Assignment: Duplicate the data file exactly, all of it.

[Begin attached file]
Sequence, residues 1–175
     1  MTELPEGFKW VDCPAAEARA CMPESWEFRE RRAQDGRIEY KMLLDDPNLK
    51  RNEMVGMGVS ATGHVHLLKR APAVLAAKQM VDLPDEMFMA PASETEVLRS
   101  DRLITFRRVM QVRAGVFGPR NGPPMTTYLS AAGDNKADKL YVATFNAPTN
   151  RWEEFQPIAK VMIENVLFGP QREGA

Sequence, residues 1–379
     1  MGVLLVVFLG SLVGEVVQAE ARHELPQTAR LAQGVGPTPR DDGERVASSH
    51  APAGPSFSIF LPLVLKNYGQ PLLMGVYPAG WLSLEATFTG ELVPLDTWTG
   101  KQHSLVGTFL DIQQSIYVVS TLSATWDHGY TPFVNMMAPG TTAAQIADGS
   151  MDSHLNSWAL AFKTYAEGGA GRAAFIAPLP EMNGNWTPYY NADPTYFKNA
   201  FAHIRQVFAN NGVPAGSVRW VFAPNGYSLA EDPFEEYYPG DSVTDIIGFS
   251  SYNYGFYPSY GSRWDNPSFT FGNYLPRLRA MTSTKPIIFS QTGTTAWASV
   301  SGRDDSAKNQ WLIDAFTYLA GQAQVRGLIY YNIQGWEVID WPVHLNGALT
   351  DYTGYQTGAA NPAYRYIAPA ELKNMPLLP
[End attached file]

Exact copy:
Sequence, residues 1–175
     1  MTELPEGFKW VDCPAAEARA CMPESWEFRE RRAQDGRIEY KMLLDDPNLK
    51  RNEMVGMGVS ATGHVHLLKR APAVLAAKQM VDLPDEMFMA PASETEVLRS
   101  DRLITFRRVM QVRAGVFGPR NGPPMTTYLS AAGDNKADKL YVATFNAPTN
   151  RWEEFQPIAK VMIENVLFGP QREGA

Sequence, residues 1–379
     1  MGVLLVVFLG SLVGEVVQAE ARHELPQTAR LAQGVGPTPR DDGERVASSH
    51  APAGPSFSIF LPLVLKNYGQ PLLMGVYPAG WLSLEATFTG ELVPLDTWTG
   101  KQHSLVGTFL DIQQSIYVVS TLSATWDHGY TPFVNMMAPG TTAAQIADGS
   151  MDSHLNSWAL AFKTYAEGGA GRAAFIAPLP EMNGNWTPYY NADPTYFKNA
   201  FAHIRQVFAN NGVPAGSVRW VFAPNGYSLA EDPFEEYYPG DSVTDIIGFS
   251  SYNYGFYPSY GSRWDNPSFT FGNYLPRLRA MTSTKPIIFS QTGTTAWASV
   301  SGRDDSAKNQ WLIDAFTYLA GQAQVRGLIY YNIQGWEVID WPVHLNGALT
   351  DYTGYQTGAA NPAYRYIAPA ELKNMPLLP